In an attempt to maintain control over the growing number of owners and breeders, Ann created the International Ragdoll Cat Association (IRCA) in 1971 and registered her as her business. The name “Ragdoll” corresponded to the trademark, and anyone who wanted to breed the Ragdolls could do this only on the basis of a franchise with registration through their own International Ann Baker Association, observing strict rules for the breeding of this breed. Many of the early owners and breeders rebelled against franchising and did not want to participate in such an agreement. The Dayton bought all the Ragdolls from them, but also could not agree with this new franchise concept. The prospect of Danny Dayton was the adoption of the Ragdolls by large organizations and registration in them. He worked in that direction, concentrating on the distinctive features of the breed and fixing them. In order to further breed and promote these cats, in February 1975 he founded the Ragdoll Society, which later became the RFC and is now known as the RFCI (Ragdoll Fanciers Club International). Initially, this society included the Dayton and eight other breeders. Since 1975, two groups of Ragdoll breeders began to exist – IRCA members Ann Baker and founding members of today’s RFCI. In parallel to these events, Ann received a patent issued by the US Patent Office on December 19, 1975 (Patent 1026916) and registered in California (# 53044) on April 16, 1975. The patent was valid until 2005 and allowed the use of the name “Ragdoll” only to IRCA breeders. But the Dayton and other breeders of his society, however, do not believe that the restrictions, superimposed on the use of the name refer to them because they acquired their cats before the start of the patent. Thanks to the efforts of Denny Dayton and his Ragdoll Society, the “rag doll” is currently being accepted by major feline associations in the US and North America. Thanks to the painstaking work of the RFCI community, Ragdoll is a popular and internationally recognized breed.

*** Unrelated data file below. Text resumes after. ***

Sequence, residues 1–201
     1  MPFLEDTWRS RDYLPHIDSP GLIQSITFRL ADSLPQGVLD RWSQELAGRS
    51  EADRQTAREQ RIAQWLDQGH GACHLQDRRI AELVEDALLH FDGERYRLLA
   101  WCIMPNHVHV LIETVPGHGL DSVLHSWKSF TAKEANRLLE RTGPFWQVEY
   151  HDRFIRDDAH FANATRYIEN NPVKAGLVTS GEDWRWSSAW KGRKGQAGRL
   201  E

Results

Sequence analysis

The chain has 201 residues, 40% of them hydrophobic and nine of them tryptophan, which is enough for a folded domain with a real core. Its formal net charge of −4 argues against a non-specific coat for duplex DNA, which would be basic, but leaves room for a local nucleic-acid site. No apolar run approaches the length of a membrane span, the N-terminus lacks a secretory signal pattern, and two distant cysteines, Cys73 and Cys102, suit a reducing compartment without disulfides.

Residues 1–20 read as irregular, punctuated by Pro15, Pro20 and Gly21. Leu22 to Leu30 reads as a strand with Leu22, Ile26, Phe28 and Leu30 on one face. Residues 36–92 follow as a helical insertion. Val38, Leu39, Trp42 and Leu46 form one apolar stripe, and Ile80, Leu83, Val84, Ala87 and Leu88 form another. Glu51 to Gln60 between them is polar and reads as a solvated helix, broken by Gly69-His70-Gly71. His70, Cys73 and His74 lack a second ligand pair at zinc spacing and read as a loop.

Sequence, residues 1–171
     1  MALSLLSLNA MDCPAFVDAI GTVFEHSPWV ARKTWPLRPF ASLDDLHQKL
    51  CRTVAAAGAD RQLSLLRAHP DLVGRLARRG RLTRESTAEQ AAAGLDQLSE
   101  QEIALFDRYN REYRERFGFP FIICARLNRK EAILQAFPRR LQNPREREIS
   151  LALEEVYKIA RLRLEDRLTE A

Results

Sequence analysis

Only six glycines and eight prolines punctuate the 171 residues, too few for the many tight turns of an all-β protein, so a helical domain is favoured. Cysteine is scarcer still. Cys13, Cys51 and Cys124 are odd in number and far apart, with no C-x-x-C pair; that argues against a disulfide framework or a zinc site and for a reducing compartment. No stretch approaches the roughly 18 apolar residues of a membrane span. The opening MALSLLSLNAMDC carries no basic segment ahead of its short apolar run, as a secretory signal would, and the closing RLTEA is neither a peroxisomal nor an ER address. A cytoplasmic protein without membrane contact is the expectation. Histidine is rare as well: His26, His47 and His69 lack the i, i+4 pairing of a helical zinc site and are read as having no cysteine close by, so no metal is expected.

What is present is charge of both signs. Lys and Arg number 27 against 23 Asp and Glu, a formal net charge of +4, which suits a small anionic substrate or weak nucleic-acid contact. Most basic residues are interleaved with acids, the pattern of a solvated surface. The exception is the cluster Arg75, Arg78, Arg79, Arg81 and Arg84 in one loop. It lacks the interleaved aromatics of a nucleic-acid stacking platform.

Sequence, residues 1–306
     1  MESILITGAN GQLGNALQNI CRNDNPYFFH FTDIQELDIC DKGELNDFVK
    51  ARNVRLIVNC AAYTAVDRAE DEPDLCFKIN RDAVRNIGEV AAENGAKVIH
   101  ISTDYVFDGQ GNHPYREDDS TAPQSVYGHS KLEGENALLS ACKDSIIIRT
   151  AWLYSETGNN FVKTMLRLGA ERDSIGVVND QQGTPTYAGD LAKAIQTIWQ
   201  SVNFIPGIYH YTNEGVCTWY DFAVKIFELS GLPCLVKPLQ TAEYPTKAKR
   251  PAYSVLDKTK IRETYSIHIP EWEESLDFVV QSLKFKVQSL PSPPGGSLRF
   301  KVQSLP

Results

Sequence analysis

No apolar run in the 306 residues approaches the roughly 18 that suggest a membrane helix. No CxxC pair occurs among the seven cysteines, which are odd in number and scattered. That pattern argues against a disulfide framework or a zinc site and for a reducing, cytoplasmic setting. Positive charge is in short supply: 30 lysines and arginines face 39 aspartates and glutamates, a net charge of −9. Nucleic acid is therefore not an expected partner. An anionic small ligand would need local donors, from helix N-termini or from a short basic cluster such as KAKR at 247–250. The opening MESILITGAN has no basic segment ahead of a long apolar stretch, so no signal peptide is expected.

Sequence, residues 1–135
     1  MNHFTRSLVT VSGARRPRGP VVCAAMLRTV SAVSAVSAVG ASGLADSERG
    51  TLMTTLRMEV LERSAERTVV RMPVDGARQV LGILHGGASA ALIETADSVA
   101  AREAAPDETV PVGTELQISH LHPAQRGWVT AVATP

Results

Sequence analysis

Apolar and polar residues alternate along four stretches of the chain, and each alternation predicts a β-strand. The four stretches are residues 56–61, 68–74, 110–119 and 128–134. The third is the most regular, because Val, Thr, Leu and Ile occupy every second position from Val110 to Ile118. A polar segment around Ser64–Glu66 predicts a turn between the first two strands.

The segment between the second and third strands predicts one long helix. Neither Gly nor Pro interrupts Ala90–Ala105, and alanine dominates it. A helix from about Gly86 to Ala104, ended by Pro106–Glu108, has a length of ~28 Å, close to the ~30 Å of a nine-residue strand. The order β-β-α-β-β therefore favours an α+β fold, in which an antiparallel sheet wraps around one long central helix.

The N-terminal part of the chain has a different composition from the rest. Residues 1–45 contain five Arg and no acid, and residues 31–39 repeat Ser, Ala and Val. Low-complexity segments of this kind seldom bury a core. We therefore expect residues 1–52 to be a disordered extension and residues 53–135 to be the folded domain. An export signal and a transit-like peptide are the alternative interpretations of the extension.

Under the gaze of Ann Baker, IRCA breeders continued to work on the breed. Over the years of “high security” Ann forced many breeders to leave the IRCA and register their cats in other associations. In 1994, a large group left Ms. Baker’s company. This third group had problems naming their cats, as they were not entitled to use the name “Ragdoll” due to Anne Baker’s patent. They chose the name “Ragamuffin” (“Ragamuffin”). In order to be accepted as a separate breed by the primary Cat Associations, they also needed to define a standard that should differ from the “rag doll”. Ragamuffin breeders continue to breed these cats in all original colors. But we are still talking about the Ragdolls.
Several experienced British cat breeders became very interested in this breed, and in 1981 the first Ragdolls were imported to the UK. Thus began the conquest of Europe. In 1987 they were recognized in GCCF (England), in 1991 the breed was registered in SCFF (France), and in 1992 the “rag doll” thoroughly entrenched in Europe after the recognition of FIFe (Federation International Feline). Currently, Ragdolls still belong to rare breeds in Russia, but the number of Ragdolls and breeders is growing very quickly both in our country and around the world.
Anne Baker passed away in 1997, the IRCA is still dependent on other major feline Associations, the RFCI is still active. To date, the Ragdoll cat breed is recognized in almost all societies in the world, and some breeders are working on the introduction of new colors and patterns.
As mentioned above, today Ragdolls are recognized by almost all large organizations ( CFA, WCF, TICA, FIFe…), although there are disagreements in the adoption of colors. United States organizations recognize traditional colors; unlike the American Associations, the Europeans also recognize tortoiseshell, red and cream tabby colors.